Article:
First let us talk about the Second Amendment. Several court cases, most recently the Heller case, have established that "The People" refers to an individual right. The case law on this issue is hardly settled law, but I suspect that the case for Incorporation will be ruled on within the next two years. Most likely the equal protection clause of the Fourteenth Amendment will be used to do so.
Now, whether or not the carrying of concealed arms is the bearing of arms as referenced in the Second Amendment is a discussion for another day. Personally I feel that the history of case law ruling that concealed carry is a privilege instead of an aspect of bearing arms is wrong.
Next we should talk about the Tenth Amendment. My argument here is that the Tenth Amendment specifically establishes that since the Second Amendment is a right granted "the people", the states have no grounds to reserve any authority to it. The fact that the Second Amendment is specifically enumerated as applying to the people makes it so that the states do not have authority over it.
Much has been said in the past two weeks comparing this amendment to things like drivers license and marriage license reciprocity. Those comparisons are invalid because the privilege of driving and the right* to marry are not specifically reserved to the people or the federal government in the Constitution and under the guidelines of the Tenth Amendment and therefore are reserved to the states. In my eyes, states rights should only apply in matters that are not specifically enumerated by the Constitution. In this case, the bearing of arms is a federally protected right and should be vigorously protected by the federal government in all states and for all citizens.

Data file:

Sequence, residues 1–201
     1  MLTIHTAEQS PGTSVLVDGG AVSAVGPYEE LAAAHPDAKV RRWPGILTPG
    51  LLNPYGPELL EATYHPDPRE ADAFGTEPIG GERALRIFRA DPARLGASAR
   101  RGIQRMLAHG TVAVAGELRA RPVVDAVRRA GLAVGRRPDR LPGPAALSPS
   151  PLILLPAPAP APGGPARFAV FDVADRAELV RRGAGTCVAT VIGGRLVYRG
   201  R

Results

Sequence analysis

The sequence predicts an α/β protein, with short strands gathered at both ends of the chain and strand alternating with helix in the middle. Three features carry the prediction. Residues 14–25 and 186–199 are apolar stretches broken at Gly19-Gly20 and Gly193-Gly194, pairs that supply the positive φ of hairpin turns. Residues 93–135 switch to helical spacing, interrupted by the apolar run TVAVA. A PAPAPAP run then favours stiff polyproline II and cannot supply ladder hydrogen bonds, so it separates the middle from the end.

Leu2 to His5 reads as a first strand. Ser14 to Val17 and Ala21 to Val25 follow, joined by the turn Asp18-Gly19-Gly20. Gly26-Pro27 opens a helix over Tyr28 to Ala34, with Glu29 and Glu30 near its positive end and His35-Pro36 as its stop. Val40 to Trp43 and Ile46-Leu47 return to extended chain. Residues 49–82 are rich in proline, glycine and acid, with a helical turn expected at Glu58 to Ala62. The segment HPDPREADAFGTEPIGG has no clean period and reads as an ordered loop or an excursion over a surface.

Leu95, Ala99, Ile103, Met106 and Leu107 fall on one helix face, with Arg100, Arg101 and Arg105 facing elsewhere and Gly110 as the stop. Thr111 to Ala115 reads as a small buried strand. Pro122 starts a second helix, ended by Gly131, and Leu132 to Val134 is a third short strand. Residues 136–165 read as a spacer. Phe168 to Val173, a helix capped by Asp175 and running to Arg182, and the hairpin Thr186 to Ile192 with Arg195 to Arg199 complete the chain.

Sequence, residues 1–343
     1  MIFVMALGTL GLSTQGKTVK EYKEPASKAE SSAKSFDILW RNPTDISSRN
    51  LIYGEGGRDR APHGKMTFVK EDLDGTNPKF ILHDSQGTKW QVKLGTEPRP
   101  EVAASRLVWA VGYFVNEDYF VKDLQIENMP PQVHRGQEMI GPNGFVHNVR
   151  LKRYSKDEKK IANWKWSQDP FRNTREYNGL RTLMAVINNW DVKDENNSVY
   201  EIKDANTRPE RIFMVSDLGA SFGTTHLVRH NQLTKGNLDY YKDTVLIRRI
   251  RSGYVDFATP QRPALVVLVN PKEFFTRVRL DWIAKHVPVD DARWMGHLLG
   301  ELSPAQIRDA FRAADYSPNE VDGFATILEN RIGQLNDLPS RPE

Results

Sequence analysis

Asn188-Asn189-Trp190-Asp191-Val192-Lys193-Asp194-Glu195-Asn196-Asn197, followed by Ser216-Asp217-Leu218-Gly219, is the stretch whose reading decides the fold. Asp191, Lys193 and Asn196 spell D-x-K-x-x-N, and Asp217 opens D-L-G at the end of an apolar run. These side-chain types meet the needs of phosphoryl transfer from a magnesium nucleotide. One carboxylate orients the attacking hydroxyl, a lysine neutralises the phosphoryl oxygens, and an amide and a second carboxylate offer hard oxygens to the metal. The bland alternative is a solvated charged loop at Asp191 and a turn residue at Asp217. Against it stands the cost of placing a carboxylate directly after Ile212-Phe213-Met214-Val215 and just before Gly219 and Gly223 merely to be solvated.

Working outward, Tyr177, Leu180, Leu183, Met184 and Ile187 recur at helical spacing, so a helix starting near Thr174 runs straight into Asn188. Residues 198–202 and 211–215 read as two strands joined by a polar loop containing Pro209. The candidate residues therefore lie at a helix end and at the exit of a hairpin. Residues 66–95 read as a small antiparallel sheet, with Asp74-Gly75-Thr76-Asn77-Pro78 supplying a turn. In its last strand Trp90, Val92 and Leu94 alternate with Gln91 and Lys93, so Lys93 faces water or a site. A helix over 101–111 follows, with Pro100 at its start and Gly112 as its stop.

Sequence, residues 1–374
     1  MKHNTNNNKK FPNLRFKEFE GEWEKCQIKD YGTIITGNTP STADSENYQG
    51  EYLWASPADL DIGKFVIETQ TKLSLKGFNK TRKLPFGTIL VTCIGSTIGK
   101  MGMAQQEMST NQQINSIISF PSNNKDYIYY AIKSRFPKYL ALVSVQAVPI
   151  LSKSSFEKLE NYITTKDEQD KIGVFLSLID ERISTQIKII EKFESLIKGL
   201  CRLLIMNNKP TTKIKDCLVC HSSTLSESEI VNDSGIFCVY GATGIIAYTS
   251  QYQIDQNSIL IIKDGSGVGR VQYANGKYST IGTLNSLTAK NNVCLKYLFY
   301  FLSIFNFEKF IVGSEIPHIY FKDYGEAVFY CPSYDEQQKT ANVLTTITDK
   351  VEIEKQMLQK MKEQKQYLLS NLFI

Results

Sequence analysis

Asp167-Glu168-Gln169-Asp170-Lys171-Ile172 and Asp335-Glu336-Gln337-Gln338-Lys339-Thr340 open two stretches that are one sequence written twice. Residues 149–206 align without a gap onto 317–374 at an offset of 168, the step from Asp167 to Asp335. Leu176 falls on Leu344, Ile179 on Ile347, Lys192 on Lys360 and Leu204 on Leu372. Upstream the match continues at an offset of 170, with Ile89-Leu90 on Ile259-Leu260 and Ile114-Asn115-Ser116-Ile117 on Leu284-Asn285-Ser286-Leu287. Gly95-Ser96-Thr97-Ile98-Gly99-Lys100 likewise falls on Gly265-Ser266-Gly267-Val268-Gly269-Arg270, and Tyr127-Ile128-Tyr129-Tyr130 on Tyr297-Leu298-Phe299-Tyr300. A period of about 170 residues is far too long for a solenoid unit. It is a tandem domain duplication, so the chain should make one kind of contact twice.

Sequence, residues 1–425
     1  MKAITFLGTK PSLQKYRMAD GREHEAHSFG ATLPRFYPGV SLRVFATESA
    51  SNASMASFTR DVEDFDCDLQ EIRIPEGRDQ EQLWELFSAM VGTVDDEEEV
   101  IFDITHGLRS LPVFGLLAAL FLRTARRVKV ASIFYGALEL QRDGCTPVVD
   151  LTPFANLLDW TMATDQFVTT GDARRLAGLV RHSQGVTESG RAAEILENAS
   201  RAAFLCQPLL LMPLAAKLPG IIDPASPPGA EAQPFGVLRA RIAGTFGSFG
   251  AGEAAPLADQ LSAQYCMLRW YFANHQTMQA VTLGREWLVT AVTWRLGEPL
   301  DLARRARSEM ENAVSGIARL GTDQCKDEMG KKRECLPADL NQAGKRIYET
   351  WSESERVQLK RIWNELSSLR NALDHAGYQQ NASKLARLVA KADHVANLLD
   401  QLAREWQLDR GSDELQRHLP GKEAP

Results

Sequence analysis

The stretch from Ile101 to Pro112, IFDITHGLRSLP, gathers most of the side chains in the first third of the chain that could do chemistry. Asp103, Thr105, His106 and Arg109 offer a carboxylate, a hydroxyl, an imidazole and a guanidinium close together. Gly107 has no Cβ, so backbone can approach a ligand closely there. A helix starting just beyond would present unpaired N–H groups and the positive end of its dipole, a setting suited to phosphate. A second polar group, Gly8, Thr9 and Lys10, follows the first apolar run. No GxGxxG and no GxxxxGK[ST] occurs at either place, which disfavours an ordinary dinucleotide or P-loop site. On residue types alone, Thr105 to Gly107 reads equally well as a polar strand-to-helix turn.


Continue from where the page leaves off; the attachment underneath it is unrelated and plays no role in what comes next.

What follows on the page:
Finally we should talk more about the Fourteenth Amendment. The privileges and immunities clause and the equal protection clause of the Fourteenth Amendment makes it clear that all citizens should be treated equally under the law. Since the right to keep and bear arms is a specifically enumerated right in the Constitution, the laws regulating the bearing of arms should be universal across all states. Realistically, almost all of the gun laws in this nation probably violate the Second Amendment, but courts have seen things differently and decided that some restrictions are not "infringements."
Now the reality of the nation we live in probably would not allow for there to be only federal laws for guns and I am not all that sure that I would want that in the first place. So I am willing to concede that something like the amendment that was voted on today is probably more appropriate. Section Five of the Fourteenth Amendment does allow for legislation such as this.
In conclusion, I firmly believe that this is a proper use of federal power to enforce protections of the right to keep and bear arms. Though I still believe that the amendment was poorly constructed and implemented. As I said before, I don't believe that the intent of the bill was that it get passed anyways.
* I do believe that marriage is a right, even though it is not specifically enumerated by the constitution. That is a discussion for another time.
EDIT: The first commenter brings up the full faith and credit clause, one that I had overlooked. That just makes the case even stronger though I believe that the case is strong enough even with my oversight.